Lenovo acts to scale back Brazil unit
Move is part of firm’s effort to reduce costs amid falling demand
Lenovo Group Ltd, the world’s largest personal computer maker, is scaling down its business in Brazil, as part of its broad efforts to reduce costs amid declining consumer demand and increasing financial pressure, Brazilian media reported.
The Beijing-based company has reduced its workforce in Brazil from 5,000 staff to 800, according to Brazilian newspaper Valor. It also reportedly has relocated its manufacturing plant from a 52,000-square-meter facility in Sao Paulo state to a facility that is half the size.
Lenovo did not immediately respond to a request for comment.
The restructuring plan came shortly after Lenovo decided to cut up to 1,000 jobs at its Motorola unit in September, in a bid to turn around its smartphone business.
Xiang Ligang, an expert and founder of industry website cctime.com, said Lenovo is facing increasing pressure from rivals such as Dell Inc and HP Inc in the global arena.
In the third quarter of 2016, Lenovo accounted for 21.3 percent of the global PC market, but its shipments declined 3.2 percent year-onyear, while HP and Dell recorded 3.3 percent and 6.2 percent growth, respectively, data from International Data Corp showed.
When it comes to the Brazilian market, Lenovo also trails behind the two rivals in terms of market share.
“This is a sensible decision, given the recession in Brazil,” Xiang added.
But according to Jacky Zhao, an analyst at IDC, as the Chinese PC market begins rebounding from the bottom, Lenovo will regain its edge.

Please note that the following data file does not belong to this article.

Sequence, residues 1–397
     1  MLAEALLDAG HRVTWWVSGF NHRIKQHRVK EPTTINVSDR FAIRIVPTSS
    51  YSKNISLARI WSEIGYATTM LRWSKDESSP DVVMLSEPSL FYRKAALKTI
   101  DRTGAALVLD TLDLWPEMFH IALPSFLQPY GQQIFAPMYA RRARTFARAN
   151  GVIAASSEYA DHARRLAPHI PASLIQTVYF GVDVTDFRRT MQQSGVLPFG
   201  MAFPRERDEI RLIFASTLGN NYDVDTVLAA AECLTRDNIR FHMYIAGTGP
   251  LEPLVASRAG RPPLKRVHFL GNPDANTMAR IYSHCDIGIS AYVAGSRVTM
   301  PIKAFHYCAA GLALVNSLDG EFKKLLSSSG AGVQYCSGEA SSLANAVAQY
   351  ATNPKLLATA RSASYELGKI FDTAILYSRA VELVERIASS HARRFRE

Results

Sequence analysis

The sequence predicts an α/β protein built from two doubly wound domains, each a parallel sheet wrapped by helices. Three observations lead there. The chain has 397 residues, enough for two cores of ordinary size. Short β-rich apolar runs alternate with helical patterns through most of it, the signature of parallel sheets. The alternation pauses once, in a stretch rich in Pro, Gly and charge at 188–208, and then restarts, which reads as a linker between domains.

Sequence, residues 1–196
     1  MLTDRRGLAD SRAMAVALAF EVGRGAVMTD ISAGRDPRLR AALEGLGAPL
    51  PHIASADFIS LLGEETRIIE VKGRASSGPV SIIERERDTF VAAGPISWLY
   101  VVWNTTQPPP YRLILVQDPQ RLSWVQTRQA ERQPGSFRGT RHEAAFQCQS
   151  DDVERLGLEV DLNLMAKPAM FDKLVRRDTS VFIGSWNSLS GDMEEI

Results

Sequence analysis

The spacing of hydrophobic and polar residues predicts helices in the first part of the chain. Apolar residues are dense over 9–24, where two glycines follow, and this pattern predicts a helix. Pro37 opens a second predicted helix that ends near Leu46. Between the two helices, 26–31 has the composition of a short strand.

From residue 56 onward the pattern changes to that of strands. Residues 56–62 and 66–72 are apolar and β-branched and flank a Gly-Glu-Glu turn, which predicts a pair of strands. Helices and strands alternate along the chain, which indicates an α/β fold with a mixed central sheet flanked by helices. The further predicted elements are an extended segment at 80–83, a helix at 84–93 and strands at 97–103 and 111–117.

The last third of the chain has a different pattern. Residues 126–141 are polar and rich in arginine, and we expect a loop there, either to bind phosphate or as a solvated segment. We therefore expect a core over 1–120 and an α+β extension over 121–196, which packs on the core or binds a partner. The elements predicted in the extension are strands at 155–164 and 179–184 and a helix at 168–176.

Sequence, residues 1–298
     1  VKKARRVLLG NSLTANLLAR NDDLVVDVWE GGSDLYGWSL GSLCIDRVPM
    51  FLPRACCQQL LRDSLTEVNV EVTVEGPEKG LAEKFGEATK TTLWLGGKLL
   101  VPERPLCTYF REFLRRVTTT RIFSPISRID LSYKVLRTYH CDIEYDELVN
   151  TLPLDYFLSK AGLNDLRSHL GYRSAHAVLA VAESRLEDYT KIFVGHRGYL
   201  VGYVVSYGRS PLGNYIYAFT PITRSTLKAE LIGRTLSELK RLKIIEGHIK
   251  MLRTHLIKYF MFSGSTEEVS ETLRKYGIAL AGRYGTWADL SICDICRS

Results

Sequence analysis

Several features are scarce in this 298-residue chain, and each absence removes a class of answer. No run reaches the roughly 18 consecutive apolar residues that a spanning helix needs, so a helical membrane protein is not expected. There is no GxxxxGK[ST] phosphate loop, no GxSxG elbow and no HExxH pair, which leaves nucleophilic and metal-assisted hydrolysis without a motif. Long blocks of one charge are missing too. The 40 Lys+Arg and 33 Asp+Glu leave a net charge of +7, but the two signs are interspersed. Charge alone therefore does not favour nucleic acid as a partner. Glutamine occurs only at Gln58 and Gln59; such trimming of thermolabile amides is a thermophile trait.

“The firm still has a dominant position in China. Its well-established brand and retailing channels will give it a boost,” Zhao said.
IDC forecasts the Chinese commercial PC market will grow 2.2 percent in 2017, putting an end to several quarters of decline as local firms scramble to embrace digital transformation.
Lenovo Chairman Yang Yuanqing said earlier that the PC unit would continue to be the company’s pillar business, and demand for PCs won’t decline forever.
In October, Lenovo confirmed it is in discussions with Japanese tech firm Fujitsu Ltd to merge their personal computer businesses, in the hope of boosting margins through synergies.
On Tuesday, it launched Phab2 Pro, its first smartphone to host augmented reality applications in China, and unveiled a new middleend handset to target young consumers.
In the quarter ended in September, Lenovo saw an 8 percent decline in revenue.